Professor Loredana Polezzi spoke with Professor Wangui wa Goro at the occasion of receiving the 2021 Flora Nwapa Society Award.
How did you become involved in translating and in translation studies -- and do you see them as separate or connected activities?
I became aware of translation and interpretation as a child. Kenya is a multilingual and multicultural society, so I was crisscrossing language all day and daily. All day, in that there were radio and television broadcasts in Kiswahili and English, that we spoke Gikuyu at home and went to school in English. I also spent a long time at the Alliance Française in Nairobi, borrowing books and music, attending events, and just hanging around the place during my teenage years watching films or chatting to other people who liked languages. I was also learning French formally at school and was part of the Kiswahili debating society because I was good at debating, and this improved my Kiswahili.
I also grew up not far from UNEP (the United Nations Environment Programme), and some of the staff there came from my family and community, and they would talk about the work and the interaction of languages such as French and English at the conferences. I heard the words interpreter and translator early in my life, and because the people were so cool, this really fascinated me, and I declared that this was what I was going to be when I grew up! I started articulating my preferred career as a linguist at an early age. Kenya is also a conference hub, and that is where I worked later, immediately after leaving school, especially after having learned French to my “A” levels and discovered that languages were lucrative! That us how my journey into translation began, and then I studied “Modern” Languages in Europe.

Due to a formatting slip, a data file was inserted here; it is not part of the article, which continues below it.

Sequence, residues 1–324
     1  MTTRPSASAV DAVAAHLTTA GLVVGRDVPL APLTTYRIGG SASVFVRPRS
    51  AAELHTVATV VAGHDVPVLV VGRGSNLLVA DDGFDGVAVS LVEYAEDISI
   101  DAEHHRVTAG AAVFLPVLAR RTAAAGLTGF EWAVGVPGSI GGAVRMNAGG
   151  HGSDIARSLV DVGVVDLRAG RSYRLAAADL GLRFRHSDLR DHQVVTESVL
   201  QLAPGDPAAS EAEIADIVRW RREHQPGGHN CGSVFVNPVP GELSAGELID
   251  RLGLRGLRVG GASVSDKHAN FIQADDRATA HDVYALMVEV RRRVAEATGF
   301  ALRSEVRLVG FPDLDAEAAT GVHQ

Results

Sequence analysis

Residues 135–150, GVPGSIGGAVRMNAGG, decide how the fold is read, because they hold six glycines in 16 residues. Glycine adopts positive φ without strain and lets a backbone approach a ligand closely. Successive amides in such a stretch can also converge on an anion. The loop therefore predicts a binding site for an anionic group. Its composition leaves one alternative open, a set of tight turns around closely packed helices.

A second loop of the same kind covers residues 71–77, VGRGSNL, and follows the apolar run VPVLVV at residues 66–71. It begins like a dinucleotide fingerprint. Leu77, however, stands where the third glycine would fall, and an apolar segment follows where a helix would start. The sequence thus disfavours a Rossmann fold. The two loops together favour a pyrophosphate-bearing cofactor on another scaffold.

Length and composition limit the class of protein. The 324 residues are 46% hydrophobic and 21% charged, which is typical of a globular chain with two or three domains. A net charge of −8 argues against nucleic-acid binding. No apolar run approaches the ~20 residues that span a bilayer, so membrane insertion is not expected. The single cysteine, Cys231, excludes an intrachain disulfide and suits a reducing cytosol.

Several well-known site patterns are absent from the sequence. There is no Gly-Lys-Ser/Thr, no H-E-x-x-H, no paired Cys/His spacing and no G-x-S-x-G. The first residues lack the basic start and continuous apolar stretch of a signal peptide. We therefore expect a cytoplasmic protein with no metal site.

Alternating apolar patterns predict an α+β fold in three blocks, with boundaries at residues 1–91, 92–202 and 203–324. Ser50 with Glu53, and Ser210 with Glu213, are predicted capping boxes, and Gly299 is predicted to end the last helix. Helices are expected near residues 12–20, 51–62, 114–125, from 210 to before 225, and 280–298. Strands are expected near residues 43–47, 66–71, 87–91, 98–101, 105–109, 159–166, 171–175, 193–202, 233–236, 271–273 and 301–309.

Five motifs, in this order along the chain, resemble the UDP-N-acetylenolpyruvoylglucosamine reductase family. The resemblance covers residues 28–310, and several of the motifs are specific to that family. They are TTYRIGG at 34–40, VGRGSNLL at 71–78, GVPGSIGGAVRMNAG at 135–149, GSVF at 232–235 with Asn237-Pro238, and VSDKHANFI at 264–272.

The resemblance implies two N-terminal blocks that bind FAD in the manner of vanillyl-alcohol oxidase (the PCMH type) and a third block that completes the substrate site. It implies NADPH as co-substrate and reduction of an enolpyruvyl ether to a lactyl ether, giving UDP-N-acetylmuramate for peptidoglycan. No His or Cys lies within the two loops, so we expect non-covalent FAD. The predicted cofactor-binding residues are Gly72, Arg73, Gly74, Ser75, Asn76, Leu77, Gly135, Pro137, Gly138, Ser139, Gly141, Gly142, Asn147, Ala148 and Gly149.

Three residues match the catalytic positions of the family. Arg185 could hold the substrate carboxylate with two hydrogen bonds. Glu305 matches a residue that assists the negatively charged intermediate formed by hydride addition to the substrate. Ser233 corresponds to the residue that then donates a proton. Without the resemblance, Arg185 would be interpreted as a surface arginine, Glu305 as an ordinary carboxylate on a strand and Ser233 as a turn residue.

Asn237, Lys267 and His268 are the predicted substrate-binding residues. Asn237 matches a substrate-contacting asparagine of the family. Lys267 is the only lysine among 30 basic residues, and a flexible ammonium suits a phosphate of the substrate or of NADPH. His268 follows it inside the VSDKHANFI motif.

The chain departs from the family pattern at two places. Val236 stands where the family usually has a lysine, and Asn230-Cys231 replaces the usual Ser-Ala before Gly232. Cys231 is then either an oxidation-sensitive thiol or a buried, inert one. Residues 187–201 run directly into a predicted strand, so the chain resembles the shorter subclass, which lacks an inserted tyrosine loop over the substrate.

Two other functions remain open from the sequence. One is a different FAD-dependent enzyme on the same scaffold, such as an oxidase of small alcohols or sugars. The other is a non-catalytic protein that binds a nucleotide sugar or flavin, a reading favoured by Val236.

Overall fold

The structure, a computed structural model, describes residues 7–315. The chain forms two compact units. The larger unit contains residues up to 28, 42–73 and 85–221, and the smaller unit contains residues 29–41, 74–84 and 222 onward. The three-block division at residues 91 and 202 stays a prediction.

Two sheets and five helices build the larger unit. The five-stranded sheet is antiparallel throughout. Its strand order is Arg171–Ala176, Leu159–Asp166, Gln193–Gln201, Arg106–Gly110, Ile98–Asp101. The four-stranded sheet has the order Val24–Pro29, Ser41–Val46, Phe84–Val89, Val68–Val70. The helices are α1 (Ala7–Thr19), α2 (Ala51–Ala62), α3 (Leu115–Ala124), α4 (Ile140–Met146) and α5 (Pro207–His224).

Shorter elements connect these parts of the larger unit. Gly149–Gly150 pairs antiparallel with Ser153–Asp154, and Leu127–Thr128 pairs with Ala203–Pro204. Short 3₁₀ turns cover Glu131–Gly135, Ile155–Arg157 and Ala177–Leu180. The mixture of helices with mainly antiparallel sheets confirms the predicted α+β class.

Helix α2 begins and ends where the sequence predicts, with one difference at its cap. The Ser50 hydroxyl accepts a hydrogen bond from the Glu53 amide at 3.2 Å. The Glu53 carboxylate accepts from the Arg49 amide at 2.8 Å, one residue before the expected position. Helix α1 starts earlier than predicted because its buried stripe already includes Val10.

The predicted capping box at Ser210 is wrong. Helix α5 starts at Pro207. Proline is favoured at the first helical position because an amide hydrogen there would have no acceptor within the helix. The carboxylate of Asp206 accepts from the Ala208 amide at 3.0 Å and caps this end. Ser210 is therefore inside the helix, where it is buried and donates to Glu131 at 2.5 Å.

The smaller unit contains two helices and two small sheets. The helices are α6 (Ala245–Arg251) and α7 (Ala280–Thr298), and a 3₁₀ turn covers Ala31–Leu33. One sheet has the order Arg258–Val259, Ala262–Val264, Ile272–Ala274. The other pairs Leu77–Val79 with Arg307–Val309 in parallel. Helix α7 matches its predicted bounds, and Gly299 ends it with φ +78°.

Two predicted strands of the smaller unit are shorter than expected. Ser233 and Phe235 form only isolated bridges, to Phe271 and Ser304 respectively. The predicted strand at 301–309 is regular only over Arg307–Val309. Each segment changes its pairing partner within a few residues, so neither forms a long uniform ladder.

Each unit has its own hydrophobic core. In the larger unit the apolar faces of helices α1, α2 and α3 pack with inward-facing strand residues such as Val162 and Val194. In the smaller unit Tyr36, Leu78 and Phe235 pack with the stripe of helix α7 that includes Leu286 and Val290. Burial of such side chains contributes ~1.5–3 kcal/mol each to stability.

What is the role of translation in African contexts today? How important is it and how has it changed?